Updates to our Terms of Use

We are updating our Terms of Use. Please carefully review the updated Terms before proceeding to our website.

Friday, December 8, 2023 | Back issues
Courthouse News Service Courthouse News Service

New York training requirement for concealed carry license challenged in Second Circuit

A civil rights lawyer said New York's 18-hour training requirement for a concealed carry license is "excessive" and outside the intent of the Second Amendment.

MANHATTAN (CN) — New York’s gun regulations faced another challenge Thursday in the Second Circuit, as a civil rights lawyer claimed the state’s 18-hour training requirement for a concealed carry license is not consistent with the Second Amendment.

Known as the Concealed Carry Improvement Act, the law creates new requirements for people seeking to a license to carry concealed weapons. The law also bans firearms in “sensitive locations” in the state, including public transit, sports venues, houses of worship and Times Square. The new restrictions were adopted by New York lawmakers just over a week after the Supreme Court’s landmark Second Amendment ruling in New York State Rifle & Pistol Association, Inc. v. Bruen.

Jonathan Corbett, who applied for a license before law was passed, argued the state’s 18-hour training requirement is unnecessary and extensive, saying "if there is a training regimen in this country that is excessive, this is the one."

According to the law, applicants must do 16 hours of firearm safety training covering safe storage requirements, state and federal gun laws, and situational awareness, among others. The other two hours involve live fire training.

“These are things that don’t take 16 hours,” Corbett said, representing himself. “If there was something that could be conveyed within these 16 or 18 total hours that would protect the public my position would probably change. But I don’t think that it’s there.”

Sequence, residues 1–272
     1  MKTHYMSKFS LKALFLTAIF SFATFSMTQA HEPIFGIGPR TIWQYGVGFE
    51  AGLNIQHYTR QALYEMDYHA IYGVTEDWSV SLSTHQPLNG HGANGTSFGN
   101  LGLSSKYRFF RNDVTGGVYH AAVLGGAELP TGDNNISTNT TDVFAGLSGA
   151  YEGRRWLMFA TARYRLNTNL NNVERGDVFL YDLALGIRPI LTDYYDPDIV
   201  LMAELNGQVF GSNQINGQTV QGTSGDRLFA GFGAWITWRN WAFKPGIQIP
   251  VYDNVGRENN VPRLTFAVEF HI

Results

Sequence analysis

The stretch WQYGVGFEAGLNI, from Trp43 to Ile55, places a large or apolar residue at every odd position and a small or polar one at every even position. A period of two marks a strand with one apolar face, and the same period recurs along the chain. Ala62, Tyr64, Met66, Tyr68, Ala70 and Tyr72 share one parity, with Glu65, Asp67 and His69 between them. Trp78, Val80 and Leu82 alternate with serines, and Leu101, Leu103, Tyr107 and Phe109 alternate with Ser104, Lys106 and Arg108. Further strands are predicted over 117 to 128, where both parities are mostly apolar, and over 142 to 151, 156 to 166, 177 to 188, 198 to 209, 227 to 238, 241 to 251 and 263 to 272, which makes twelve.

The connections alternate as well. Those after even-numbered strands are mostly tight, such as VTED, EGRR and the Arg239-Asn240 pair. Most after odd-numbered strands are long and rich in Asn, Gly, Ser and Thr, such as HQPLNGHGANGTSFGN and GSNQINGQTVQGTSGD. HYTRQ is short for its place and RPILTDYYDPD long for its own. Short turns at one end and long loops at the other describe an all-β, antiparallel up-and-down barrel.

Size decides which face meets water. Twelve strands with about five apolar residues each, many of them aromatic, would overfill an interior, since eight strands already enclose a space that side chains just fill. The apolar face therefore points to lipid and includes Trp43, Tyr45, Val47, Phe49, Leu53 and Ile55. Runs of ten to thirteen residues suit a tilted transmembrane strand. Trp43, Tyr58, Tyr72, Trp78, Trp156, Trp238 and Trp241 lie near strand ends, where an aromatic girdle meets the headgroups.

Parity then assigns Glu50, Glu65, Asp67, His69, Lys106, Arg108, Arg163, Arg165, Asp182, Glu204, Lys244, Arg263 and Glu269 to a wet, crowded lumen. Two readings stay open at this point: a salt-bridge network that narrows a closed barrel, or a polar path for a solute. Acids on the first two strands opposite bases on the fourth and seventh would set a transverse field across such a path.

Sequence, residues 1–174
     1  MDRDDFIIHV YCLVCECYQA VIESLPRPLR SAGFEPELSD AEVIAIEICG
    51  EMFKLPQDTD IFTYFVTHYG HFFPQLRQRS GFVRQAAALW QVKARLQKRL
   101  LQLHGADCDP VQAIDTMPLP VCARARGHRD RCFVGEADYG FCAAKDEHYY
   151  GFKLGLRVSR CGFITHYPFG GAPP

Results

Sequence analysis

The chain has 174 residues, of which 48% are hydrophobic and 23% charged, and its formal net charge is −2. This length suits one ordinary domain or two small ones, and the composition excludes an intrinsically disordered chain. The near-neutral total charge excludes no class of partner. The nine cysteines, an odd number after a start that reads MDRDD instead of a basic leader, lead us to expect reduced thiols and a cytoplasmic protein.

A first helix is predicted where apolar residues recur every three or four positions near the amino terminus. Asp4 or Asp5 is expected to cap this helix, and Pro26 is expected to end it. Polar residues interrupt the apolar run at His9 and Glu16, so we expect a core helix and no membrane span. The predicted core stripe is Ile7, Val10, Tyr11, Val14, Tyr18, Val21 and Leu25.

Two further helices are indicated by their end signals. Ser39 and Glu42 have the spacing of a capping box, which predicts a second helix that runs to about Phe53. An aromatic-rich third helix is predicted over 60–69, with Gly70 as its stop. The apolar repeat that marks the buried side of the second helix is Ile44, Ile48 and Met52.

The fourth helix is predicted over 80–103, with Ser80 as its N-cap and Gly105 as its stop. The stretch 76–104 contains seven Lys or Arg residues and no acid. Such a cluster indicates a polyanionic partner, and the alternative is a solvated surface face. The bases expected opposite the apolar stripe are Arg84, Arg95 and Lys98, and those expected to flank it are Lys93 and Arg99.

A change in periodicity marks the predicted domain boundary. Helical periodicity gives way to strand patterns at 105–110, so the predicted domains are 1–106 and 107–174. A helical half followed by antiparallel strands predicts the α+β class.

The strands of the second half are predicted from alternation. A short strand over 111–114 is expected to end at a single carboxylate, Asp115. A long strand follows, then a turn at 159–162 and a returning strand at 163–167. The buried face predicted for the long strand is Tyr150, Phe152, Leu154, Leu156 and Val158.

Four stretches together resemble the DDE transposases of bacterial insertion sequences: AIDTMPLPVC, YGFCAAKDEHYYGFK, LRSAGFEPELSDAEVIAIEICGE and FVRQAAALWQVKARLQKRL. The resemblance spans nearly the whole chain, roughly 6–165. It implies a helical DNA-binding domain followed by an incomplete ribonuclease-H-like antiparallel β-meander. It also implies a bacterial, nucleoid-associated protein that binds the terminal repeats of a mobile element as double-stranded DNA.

Under the Supreme Court’s ruling, a gun regulation that burdens conduct is permissible if there is a historical comparison “before, during, or even after the [country’s] founding.”

New York pointed to mandatory militia training laws imposed by states around the time of the country’s founding, including a law that required “all able-bodied adult men to participate in compulsory training for four days, every single year.”

“These laws demonstrate a historical tradition, dating back to the Founding Era, of requiring time-consuming training to ensure competence with arms,” the state’s lawyers argued in their brief.

While Corbett agreed required training is consistent with the Second Amendment, he said the militia argument was far-fetched.

“A militia requirement has nothing to do with modern gun licensing,” Corbett said. “Appellees simply give the court an excuse to uphold the law.”

But Elina Druker, an attorney representing New York City, said the particular nuances of history aren’t important in this context.

“If the test of competent is permissible, there’s no need for some historical analysis of whether the exact contours or nuances of the training is exactly what history would have permitted,” Druker said.

Corbett also acknowledged he hasn't done any firearm training in the past five years and does not intend to do so.

But New York City and the state focused more on whether Corbett even had standing to challenge the law because his license application has not been denied yet.

“It’s his burden to make a substantial showing that his application will be futile or to follow through with the process, and for other reasons as well, his application can’t be denied because his application is still pending and there are other materials missing other than training,” Druker said.

U.S. Circuit Judges Sarah A.L. Merriam and Jennifer Rochon, both Joe Biden appointees, presided over the proceeding. U.S> Circuit Judge Jose A. Cabranes, a Bill Clinton appointee, was not present during the arguments but will participate in the ruling.

Follow @NikaSchoonover
Categories / Appeals, Government, Regional, Second Amendment

Subscribe to Closing Arguments

Sign up for new weekly newsletter Closing Arguments to get the latest about ongoing trials, major litigation and hot cases and rulings in courthouses around the U.S. and the world.